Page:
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2007 was a Great Year for Canada

The Canadian dollar soared to record-breaking heights hitting parity with its U.S. counterpart for the first time in 30 years in September. It hit a high of $1.10 in November and has now settled to $1.0088 – rising about 18 per cent this year.

Canada experienced unparalleled growth in every quarter and even though the rising dollar hurt some areas of the manufacturing sector, overall it has caused a boom for consumerism and travel. The loonie benefitted from record prices for uranium, aluminum, base metals, wheat, corn and other commodities, as well as soaring fossil-fuel prices.

To add to our optimistic outlook the economy is running at full capacity with relatively low core inflation, solid income gains, as well as unprecedented levels of employment and our healthy housing market caused by both first-time home owners and high immigration levels.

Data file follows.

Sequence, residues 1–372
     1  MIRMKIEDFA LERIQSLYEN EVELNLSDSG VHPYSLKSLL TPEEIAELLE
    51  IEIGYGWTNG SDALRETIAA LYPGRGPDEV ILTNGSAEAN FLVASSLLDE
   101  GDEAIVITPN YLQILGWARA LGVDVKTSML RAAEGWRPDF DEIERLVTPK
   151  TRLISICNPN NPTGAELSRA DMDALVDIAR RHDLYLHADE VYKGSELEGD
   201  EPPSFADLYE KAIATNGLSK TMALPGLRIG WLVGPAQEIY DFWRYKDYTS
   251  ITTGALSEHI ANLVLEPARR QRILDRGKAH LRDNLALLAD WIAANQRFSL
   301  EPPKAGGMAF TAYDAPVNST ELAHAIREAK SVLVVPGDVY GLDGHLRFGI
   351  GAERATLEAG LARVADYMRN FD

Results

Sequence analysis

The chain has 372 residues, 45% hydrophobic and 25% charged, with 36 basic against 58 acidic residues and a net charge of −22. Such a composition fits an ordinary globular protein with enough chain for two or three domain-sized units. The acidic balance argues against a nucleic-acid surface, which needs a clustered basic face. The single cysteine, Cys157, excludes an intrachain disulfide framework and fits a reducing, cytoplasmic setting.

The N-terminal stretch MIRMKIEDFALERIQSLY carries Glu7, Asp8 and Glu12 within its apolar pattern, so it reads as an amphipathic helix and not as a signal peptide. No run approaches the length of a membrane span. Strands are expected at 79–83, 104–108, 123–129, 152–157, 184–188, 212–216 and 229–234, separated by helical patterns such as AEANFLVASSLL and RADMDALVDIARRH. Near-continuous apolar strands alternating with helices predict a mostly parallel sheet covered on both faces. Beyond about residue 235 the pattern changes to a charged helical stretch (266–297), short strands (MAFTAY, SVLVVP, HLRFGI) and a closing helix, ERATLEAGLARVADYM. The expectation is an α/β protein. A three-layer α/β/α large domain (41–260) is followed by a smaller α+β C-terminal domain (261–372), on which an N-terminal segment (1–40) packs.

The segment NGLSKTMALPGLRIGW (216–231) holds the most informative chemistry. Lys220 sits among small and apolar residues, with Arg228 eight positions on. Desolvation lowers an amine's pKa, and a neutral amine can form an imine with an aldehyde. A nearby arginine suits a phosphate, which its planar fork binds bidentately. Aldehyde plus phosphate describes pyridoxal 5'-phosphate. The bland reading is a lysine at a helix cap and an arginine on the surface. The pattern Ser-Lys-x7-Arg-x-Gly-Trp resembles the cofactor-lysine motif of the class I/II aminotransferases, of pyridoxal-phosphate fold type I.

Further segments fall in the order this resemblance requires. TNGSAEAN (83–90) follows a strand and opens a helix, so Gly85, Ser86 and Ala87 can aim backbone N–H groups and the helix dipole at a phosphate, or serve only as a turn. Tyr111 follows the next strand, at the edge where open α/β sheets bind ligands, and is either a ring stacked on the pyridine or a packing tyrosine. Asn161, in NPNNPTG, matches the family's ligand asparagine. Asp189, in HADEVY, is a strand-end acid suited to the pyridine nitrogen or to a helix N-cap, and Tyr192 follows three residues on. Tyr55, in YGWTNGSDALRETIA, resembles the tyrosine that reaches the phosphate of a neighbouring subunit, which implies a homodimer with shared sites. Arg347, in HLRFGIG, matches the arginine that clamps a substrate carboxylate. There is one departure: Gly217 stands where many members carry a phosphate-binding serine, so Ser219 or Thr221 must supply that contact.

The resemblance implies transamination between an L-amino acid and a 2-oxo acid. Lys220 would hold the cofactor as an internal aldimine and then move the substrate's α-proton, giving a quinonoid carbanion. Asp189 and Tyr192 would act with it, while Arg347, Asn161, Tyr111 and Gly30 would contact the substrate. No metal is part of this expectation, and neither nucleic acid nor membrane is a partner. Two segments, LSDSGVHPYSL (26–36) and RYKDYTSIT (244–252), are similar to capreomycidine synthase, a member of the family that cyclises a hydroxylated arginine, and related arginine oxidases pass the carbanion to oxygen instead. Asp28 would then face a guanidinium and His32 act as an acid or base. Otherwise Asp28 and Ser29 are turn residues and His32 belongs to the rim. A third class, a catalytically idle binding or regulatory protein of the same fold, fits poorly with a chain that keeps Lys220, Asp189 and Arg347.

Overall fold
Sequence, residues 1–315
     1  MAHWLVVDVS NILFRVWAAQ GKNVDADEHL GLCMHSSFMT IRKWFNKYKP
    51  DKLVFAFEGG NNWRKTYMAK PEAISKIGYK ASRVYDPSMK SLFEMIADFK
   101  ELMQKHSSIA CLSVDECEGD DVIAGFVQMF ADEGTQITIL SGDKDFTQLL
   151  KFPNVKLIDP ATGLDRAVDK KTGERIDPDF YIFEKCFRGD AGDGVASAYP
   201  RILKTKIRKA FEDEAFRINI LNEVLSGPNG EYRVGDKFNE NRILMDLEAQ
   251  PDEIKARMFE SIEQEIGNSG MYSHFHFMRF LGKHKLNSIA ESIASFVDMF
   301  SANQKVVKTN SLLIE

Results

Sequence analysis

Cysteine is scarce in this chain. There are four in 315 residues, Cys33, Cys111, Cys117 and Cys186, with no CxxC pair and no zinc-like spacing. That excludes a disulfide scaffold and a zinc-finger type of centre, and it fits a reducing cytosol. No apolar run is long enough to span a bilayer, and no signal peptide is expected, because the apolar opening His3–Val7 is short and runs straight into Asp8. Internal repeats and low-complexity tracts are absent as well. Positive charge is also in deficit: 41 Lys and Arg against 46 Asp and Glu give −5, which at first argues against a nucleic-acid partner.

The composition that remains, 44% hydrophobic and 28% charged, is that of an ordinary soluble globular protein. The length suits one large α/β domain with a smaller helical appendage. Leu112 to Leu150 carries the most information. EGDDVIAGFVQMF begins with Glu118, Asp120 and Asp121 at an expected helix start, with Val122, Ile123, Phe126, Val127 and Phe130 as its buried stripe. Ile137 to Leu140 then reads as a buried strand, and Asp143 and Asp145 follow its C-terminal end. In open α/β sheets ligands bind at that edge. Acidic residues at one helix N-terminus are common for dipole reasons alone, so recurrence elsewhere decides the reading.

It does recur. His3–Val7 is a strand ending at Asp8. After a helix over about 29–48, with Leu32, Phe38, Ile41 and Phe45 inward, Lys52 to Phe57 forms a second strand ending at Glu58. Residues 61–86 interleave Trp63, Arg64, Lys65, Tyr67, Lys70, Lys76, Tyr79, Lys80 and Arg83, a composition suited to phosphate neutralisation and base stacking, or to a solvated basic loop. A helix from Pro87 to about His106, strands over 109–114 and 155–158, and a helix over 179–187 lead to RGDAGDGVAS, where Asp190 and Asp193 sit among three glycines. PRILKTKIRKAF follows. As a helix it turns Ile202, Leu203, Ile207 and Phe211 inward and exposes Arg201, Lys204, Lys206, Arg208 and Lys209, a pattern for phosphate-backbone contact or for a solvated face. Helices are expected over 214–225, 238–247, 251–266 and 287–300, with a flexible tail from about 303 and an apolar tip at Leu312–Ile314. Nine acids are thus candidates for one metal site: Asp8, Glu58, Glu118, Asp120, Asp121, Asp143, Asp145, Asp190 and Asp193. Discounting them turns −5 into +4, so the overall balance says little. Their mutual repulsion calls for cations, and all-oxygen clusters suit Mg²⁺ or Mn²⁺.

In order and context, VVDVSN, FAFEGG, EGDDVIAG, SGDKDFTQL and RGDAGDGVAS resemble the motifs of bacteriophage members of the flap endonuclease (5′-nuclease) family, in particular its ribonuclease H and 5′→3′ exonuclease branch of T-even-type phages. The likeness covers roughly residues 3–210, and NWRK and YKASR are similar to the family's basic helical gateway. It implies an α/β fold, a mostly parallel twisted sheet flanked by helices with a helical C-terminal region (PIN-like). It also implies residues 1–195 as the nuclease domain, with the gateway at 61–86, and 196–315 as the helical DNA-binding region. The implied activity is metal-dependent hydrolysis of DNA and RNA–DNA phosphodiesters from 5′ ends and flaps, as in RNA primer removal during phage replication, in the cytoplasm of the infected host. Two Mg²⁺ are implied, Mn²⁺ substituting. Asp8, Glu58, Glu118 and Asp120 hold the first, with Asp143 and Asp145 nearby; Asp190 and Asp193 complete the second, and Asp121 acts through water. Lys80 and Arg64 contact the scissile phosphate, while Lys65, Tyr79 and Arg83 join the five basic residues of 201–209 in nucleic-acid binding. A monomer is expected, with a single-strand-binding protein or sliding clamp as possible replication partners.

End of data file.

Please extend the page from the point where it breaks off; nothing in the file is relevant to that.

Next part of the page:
The S& P/TSX finished off the year with a small gain of about 7 per cent for the year. A disappointment from the 14.5 per cent gain we saw for 2006 but a relief after the pessimistic news coming out of the U.S with the sub-prime credit crunch that heavily affected the stock markets.

The consensus is that rates will see a modest interest-rate reduction.

It is expected that the U.S. will lower their interest rates in order to avoid a recession, given the sub-prime meltdown and the volatility south of the border.

It is expected that The Bank of Canada will probably follow suit and cut interest rates by 25 basis points in early 2008 with a possible second cut further in the year to a maximum of 50 points. It is not expected to embark on a major rate-cutting campaign due to our overall strong economy, and our low unemployment rate.

All indications point to a strong 2008…

Posted on Wednesday, January 2, 2008 at 10:48PM by Registered CommenterElaine | CommentsPost a Comment

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